CD's response [missing] comes from the heart. RF explains that CD's preface [to Journal and remarks, vol. 3 of Narrative] offended him in not acknowledging the part RF and the other officers had in helping CD. Beagle voyage was the first on which officers could have kept any specimens they collected, but they gave preference to CD.
Chester Street 31.
My dear Darwin
Your letter—written this morning—speaks the language of your own heart—
Most sincerely do I wish you had listened to the dictates of that heart only in some of our correspondence—for, had such been the case, we should both have been spared very much anxiety and pain.—
I will now tell you frankly my ideas upon the subject of prefaces to any of yours works immediately resulting from the Beagle's voyage.
Most people (who know anything of the subject) are aware that your going in the Beagle was a consequence of my original idea and suggestion—and of my offer to give up part of my own accommodations—small as they were—to a scientific gentleman who would do justice to the opportunities so afforded.— Those persons also know how much the Officers furthered your views—and gave you the preference upon all occasions—(especially Sulivan—Usborne—Bynoe and Stokes)—and think—with me—that a plain acknowledgment—without a word of flattery—or fulsome praise—is a slight return due from you to those who held the ladder by which you mounted to a position where your industry—enterprise—and talent could be thoroughly demonstrated—and become useful to our countrymen—and—I may truly say—to the world.
The sentence by which I was specially struck in your letter of Monday last—and for noticing which—to my astonishment—I was almost derided by a person I had thought your friend—and to whom therefore I went in the hope that he would suggest some change which I could not so well do being personally concerned—was this— “By the wish of Captain FitzRoy, and through the kindness of the Hydrographer— Captain Beaufort &c”—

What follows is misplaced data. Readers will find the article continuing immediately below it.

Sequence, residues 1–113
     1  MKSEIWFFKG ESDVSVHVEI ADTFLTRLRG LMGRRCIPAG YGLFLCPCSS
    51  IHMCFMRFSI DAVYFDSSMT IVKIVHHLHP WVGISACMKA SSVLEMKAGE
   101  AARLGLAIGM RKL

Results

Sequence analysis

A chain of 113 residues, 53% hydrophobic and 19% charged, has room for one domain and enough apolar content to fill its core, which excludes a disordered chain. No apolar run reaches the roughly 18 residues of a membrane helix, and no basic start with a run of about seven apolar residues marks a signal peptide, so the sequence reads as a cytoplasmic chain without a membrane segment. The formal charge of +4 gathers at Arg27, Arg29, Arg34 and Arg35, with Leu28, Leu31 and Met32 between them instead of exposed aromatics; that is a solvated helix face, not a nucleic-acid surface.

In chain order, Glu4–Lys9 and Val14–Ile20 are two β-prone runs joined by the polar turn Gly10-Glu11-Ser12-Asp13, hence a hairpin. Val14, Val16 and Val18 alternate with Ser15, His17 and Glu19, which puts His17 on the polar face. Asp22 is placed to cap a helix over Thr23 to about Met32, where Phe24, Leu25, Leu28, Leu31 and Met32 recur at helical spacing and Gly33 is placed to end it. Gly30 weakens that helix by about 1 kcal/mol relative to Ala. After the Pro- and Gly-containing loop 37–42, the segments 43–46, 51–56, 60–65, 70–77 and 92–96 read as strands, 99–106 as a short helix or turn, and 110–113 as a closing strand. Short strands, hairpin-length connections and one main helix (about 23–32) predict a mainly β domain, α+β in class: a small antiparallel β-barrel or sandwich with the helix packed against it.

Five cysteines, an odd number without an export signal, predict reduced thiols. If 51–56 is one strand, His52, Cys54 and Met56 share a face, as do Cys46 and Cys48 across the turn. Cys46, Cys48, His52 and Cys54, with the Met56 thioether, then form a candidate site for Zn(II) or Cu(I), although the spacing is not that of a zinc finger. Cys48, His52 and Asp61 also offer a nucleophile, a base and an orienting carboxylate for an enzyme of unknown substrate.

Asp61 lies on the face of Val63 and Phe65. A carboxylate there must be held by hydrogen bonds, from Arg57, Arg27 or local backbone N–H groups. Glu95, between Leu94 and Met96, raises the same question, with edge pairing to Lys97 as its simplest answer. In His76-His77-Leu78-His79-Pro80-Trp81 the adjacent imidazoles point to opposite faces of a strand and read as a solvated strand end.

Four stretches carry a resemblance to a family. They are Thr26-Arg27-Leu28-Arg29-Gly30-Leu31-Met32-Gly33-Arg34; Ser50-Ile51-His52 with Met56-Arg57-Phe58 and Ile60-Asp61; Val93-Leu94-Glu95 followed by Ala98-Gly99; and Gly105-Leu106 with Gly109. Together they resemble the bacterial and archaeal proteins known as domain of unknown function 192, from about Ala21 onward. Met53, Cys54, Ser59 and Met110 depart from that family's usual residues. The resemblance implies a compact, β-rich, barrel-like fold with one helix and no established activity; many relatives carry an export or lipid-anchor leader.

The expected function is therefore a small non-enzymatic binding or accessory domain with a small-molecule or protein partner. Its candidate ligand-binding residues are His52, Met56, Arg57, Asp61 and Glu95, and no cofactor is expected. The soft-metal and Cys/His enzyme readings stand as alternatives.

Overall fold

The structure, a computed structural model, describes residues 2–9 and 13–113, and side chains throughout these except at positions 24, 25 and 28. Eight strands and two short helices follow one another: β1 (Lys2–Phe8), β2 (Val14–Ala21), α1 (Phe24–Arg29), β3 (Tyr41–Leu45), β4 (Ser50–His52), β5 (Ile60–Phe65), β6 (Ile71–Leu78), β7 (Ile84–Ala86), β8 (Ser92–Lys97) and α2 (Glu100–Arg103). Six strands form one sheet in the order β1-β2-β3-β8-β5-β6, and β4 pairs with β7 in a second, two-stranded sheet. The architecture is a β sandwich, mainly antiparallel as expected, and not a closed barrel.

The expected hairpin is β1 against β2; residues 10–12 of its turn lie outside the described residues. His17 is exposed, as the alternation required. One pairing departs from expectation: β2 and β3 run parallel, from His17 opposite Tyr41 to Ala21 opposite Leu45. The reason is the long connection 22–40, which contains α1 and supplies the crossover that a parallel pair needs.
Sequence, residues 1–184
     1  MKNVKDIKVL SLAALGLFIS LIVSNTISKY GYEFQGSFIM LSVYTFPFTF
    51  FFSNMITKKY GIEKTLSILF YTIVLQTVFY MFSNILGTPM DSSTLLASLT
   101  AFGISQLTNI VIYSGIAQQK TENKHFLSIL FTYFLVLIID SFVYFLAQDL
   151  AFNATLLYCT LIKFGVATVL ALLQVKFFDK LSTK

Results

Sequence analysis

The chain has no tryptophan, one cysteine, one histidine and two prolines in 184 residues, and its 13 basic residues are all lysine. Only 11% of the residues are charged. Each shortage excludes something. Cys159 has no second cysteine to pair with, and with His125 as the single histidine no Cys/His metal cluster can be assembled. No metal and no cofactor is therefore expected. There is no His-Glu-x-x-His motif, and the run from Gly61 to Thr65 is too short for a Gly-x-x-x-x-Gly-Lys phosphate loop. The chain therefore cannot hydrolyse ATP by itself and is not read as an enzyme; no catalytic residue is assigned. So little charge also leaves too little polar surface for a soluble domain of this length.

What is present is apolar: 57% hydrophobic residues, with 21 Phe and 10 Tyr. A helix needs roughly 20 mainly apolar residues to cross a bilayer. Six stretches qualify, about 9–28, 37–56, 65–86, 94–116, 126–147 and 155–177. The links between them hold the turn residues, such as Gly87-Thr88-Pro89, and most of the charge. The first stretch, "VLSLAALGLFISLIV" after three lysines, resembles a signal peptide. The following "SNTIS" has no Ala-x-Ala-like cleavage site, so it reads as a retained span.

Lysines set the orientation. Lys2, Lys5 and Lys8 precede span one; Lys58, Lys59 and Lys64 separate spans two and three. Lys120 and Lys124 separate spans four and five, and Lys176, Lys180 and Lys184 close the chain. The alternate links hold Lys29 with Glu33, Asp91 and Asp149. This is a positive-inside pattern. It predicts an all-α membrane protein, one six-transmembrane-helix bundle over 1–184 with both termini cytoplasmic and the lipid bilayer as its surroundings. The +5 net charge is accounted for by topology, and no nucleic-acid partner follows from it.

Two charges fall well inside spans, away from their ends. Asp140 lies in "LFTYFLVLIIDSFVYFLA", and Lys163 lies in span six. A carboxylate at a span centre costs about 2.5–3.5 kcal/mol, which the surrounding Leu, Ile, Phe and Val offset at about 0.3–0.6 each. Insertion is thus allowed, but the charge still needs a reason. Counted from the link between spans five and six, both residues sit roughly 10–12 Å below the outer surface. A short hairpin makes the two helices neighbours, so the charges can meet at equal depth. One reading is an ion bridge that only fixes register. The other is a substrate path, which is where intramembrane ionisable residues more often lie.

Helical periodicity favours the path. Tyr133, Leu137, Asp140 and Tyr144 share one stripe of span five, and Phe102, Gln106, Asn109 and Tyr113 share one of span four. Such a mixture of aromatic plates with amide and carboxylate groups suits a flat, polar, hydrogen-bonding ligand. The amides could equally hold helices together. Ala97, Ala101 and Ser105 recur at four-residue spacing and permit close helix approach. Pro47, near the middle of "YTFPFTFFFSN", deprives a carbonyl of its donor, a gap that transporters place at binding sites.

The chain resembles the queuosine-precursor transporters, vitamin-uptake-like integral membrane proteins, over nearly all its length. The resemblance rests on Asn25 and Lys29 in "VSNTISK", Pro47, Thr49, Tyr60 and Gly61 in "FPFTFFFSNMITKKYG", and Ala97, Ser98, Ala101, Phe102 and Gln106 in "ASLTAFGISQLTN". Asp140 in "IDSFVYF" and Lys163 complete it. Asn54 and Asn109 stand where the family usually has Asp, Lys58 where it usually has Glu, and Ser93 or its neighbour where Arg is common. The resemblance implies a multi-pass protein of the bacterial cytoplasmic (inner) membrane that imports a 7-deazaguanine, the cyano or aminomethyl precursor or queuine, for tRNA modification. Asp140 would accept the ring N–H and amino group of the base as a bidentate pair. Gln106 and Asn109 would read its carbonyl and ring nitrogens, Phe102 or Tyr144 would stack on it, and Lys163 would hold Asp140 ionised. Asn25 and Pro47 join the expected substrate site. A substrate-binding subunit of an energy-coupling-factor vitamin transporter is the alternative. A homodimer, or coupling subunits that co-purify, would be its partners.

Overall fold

I was also astonished at the total omission of any notice of the officers— either particular—or general.— My memory is rather tenacious respecting a variety of transactions in which you were concerned with them; and others in the Beagle. Perhaps you are not aware that the ship which carried us safely was the first employed in exploring and surveying whose Officers were not ordered to collect—and were therefore at liberty to keep the best of all—nay, all their specimens for themselves. To their honour—they gave you the preference.
Some time ago—it occurred to me that you had consulted with some person, not
aware of the whole state of the case, who looked at the subject in a peculiar point of
view—and I was informed yesterday, by a conversation with
He does not seem to consider that the connection of your volume with mine—and mine with Captain King's—is one of feeling and fidelity—not of expediency. —
Believe me Darwin—I esteem you far too highly to break off from you willingly— I shall always be glad to see you—and if there is any question to be discussed let us talk it over here—or in your room—before referring it to the partial views and perhaps selfish feelings of persons who neither know, nor feel for, you—or for me—as your Father would feel for either of us.
Pray believe me | Very sincerely your's |
P.S. | Respecting your three questions—
I will take care to see those persons with whom I have conversed on this subject and will endeavour to remove from their minds any impression which you might not wish should remain. | R F.
- f1 387.f1The published preface to Zoology (p. i) reads as follows:
In consequence of Captain FitzRoy having expressed a desire that some scientific person should be on board, and having offered to give up part of his own accommodations, I volunteered my services; and through the kindness of the hydrographer, Captain Beaufort, my appointment received the sanction of the Admiralty. I must here, as on all other occasions, take the opportunity of publicly acknowledging with gratitude, the obligation under which I lie to Captain FitzRoy, and to all the Officers on board the Beagle, for their constant assistance in my scientific pursuits, and for their uniform kindness to me throughout the voyage.Substantially the same acknowledgment, but rather more fulsomely expressed, appears in the preface to Journal and remarks, pp. vii–viii, which was not published until 1839.
- f2 387.f2The answers appear in the preface to Zoology. The first question apparently had to do with whether the Beagle should be referred to as ‘His’ or ‘Her Majesty's Ship’.